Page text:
Diamonds from the sky

TEM of a carbon nano-onion. (Image: Licht Group, George Washington University)

Carbon nano-onions (CNOs), a less studied morphology of carbon nanomaterials, are exotic structures with extraordinary properties and numerous applications. The literature refers to this carbon morphology – nested concentric buckyballs – with various term such as onion-like structures, carbon nano-onions, carbon onions, carbon spheres, or nested fullerenes.

“Carbon nano-onions have a range of remarkable applications, but these applications have been largely ignored due to their high synthesis cost, ” Stuart Licht, a professor of chemistry at George Washington University, tells Nanowerk. “CNO applications often focus on the confined, high surface area of chargeable surfaces or symmetry of their morphology. Examples include ultrahigh power super capacitors with unusually high charge storage; maximum anodic capacity lithium batteries; increased capacity gas, and energy storage materials; increased activity in heterogeneous catalysis; and solid lubricants in the form of ultra strong ‘mini ball bearings’.”

So far, the high cost and carbon footprint of producing CNOs – by treatment of commercially available nanodiamonds, by the combustion of naphthalene, or by Chemical Vapor Deposition – has been a considerable constraint on their applications.

We have reported on previous work by Licht’s group using molten carbonate chemistry to transform atmospheric carbon dioxide (CO2) into valuable products, for instance carbon nanotubes or carbon nanofibers.

Licht calls this approach diamonds from the sky, referring to atmospheric CO2 being the precursor, carbon being the material that diamonds are made of, and also hinting at the high value of the products.

Processes that transform the greenhouse gas CO2 to a valuable product incentivize its ‘mining’ and removal, either from industrial flue gas or directly from the air, and could become an important component of climate change mitigating tools.

In new work, reported in Advanced Sustainable Systems (“Carbon Nano-Onions Made Directly from CO2 by Molten Electrolysis for Greenhouse Gas Mitigation”), Licht’s team has used their ‘diamonds from the sky’ chemistry as a high yield pathway to produce inexpensive, stable carbon-nano onions directly from carbon dioxide. The carbon dioxide reactant replaces nano-diamonds as the reactant to form the nano-onions.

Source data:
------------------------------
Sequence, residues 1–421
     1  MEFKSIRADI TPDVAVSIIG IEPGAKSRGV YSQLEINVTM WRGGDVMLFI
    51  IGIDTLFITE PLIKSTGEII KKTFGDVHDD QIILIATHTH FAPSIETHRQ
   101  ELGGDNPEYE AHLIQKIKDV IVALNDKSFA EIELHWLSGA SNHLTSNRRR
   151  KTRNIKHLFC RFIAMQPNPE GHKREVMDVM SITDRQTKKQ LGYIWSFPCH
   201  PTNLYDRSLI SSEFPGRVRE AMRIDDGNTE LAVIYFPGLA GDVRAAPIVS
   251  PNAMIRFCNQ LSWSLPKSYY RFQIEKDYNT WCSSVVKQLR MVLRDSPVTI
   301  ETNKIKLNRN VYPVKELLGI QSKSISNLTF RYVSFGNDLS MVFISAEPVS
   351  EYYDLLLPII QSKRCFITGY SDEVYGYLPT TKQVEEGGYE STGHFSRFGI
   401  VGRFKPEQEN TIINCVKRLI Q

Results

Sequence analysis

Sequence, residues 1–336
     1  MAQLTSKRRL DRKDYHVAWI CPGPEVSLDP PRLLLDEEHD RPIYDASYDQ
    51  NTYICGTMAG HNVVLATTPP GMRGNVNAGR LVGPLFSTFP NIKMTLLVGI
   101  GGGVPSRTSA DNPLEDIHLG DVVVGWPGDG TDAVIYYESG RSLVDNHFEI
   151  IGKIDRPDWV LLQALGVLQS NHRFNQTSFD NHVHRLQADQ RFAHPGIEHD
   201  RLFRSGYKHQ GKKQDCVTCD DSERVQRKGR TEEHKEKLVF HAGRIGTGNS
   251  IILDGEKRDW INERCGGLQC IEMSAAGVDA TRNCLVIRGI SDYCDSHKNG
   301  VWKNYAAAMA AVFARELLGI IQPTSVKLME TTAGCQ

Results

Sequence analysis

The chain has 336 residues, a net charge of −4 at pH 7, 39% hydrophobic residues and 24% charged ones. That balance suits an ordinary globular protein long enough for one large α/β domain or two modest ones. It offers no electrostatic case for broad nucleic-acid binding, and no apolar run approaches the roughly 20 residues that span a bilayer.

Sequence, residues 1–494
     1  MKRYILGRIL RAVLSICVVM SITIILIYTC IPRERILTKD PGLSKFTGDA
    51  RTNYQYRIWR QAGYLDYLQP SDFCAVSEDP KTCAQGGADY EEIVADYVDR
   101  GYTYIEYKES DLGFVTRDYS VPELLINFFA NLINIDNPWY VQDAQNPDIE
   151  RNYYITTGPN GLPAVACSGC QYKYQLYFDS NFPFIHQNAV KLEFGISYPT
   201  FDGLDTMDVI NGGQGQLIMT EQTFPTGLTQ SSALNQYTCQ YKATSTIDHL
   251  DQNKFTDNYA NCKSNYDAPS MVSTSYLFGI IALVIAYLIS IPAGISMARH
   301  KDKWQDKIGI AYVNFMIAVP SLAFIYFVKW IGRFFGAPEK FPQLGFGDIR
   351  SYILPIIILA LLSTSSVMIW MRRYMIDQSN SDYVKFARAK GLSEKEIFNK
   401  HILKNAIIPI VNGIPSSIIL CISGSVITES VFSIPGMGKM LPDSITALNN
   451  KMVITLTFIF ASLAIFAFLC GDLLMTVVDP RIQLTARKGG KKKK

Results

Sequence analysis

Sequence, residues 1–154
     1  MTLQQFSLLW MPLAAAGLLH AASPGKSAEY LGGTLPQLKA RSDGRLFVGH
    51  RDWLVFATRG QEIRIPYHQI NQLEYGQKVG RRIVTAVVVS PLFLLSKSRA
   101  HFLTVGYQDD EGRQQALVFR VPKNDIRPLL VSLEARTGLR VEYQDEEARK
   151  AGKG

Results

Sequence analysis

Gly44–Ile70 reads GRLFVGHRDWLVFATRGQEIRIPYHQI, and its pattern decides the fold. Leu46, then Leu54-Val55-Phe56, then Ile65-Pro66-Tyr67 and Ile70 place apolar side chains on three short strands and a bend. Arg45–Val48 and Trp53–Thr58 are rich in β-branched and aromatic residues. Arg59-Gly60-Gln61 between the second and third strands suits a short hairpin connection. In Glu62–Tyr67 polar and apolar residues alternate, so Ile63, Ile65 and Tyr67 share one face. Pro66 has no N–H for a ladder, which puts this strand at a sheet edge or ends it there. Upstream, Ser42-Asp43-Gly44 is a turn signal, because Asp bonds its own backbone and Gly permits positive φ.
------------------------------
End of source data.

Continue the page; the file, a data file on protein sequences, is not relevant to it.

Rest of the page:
In a previous Nanowerk Spotlight, we reported the team’s high yield, molten carbonate electrolytic transformation of CO2 to CNTs (referred to as the C2CNT’) process. In their new study, the researchers provide for the first time an exploration of the initial phases of molten carbonate electrolysis CNT growth, showing their relevance to discovery and introduction of an alternative high yield carbon nano-onion synthesis. By excluding the CNT transition metal nucleating seeds, the C2CNT process (probably now better called C2CNO) produces a high yield of stable carbon nano-onions. In contrast to previous CNO synthesis methods, CO2 rather than diamond is used the sole precursor.

High yield electrolytic synthesis of carbon nano-onions from CO2, either directly from the air or from smoke stack CO2, in molten carbonate. (Image: Licht Group, George Washington University)

The source of CO2 to produce these CNOs can be the consumption of industrial flue gas or CO2 directly captured from the air.

An economic assessment, detailed in the paper, shows that this new process is highly attractive. “The upper-bound estimate of the new chemistry of CNO production by molten carbonate electrolysis – excluding anode costs to be determined – of $1000 per ton, is several orders of magnitude less than alternatives,” Licht points out

The team is now working on realizing larger-scale production of the CNOs to accelerate the process’ contribution to climate mitigation efforts, such as in their ongoing C2CNT Carbon XPrize Finals Demonstration Plant.

“Our C2CNT research team is working on bringing to fruition a carbon based economy with change comparable to the introduction of the plastics economy,” Licht concludes. “The carbon economy will have common products, such as lubricants, batteries and structural materials replaced by stronger, more functional, carbon products, and provide the basis to remove and the greenhouse gas carbon dioxide from the anthropogenic carbon cycle.”

Courtesy: Nanowerk

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